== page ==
Chapter Three

The Learning Process

Allow me to begin by saying that the aim here is not to write down my memoirs, I truly believe that I am not old enough for anybody to get anything out of my life story thus far. I however must admit that it would make great material for a trashy novel!.(just kidding) No, this is not to tell stories about the life and times of a young magician, but rather to give the reader an insight as to why I am so adamant about conveying conclusions I have come to in this literary work.

I started doing magic at a very young age. After viewing a guest star of the hit television series Laugh In doing a comedy magic sketch with Ruth Buzzy, I was hitched! I wanted to become a magician in the worst way. My formative magic years were spent searching through magic catalogs for that one trick that was going to make me a star. I recall my first magic trick being the Chinese Ring Illusion, purchased along with a nine inch wooden magic wand through a magazine called Boys Life. Dreaming endless hours that a talent scout was going to see me doing my finger chopper and book me as the newest member of the Mickey Mouse Club! However in the years to follow I learned that waiting around for that big break was just not going to happen. If I was going to be the performer of my dreams, I was going to have to do it myself. Fortunately, I believe that I learned that fact at a relatively young age.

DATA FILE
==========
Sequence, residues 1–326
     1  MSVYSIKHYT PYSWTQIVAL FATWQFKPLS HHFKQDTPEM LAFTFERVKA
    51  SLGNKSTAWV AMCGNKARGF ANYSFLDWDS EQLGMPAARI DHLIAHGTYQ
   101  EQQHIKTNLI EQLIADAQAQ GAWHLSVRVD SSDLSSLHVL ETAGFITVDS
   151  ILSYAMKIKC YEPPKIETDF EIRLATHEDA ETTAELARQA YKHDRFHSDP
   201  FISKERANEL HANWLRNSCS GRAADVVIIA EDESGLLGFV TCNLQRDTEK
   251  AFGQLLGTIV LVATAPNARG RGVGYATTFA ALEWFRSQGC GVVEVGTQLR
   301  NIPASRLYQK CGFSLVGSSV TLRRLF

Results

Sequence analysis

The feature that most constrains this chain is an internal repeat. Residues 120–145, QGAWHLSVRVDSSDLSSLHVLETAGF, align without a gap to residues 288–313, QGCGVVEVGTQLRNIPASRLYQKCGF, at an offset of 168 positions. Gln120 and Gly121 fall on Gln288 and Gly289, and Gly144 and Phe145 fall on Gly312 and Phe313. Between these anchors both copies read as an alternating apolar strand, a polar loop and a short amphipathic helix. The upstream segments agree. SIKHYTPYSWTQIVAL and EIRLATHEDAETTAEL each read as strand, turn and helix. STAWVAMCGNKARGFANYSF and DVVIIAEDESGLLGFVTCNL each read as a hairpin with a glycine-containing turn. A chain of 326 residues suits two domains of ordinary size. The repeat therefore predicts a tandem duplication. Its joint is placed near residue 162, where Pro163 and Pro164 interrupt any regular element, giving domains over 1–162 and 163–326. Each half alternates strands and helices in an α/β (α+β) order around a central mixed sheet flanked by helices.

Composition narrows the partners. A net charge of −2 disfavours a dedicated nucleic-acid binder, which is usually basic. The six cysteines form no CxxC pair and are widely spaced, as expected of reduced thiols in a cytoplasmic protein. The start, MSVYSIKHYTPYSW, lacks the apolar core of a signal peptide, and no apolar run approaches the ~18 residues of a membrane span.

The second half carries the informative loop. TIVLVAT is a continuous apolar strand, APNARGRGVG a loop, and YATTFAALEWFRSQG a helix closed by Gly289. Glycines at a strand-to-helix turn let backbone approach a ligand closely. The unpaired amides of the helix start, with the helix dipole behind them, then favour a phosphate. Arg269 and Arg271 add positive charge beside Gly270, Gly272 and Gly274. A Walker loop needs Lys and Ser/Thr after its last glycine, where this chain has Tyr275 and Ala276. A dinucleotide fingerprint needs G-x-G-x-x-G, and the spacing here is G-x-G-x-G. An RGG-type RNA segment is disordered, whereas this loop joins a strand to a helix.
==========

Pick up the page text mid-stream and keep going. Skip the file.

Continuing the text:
My first major performance was in fifth grade. My teacher found out that I did magic and was booked for the headline spot in the school talent show. I rehearsed that act for at least a month. I then told my mother about it the day before the show that I was doing magic onstage. She could not believe that I did not tell her sooner. But many screwed up tricks shown to my family and their friends made be very leery about doing magic in front of anyone that I knew personally (a fear that I still retain in some small part to this day!) But this time it was in front of my whole school. I pulled it off, doing what must of appeared to be microscopic magic onstage! I recall doing not only the finger chopper, but an old Tenyo penetration frame, milk tumbler, and if memory serves me correctly, a collapsible magic wand. All of this for about “three hundred people!” but it worked and I had myself one proud mom. The most humorous part of that show would have to be my finale. I sawed a girl from my class in half.(not commando magic) It was quite a sight when a four foot tall girl entered a black cardboard box and suddenly became seven feet tall! The shop teacher who lent me the saw was sweating bullets as I had him come to the stage to verify the authenticity of the blade. I must admit, that was showmanship way beyond my years at that time! To this day, I treasure the memory of that show even more than current performances where I received standing ovations by a packed theatre full of college students. It was early shows like this as well as others that taught me do things on my own.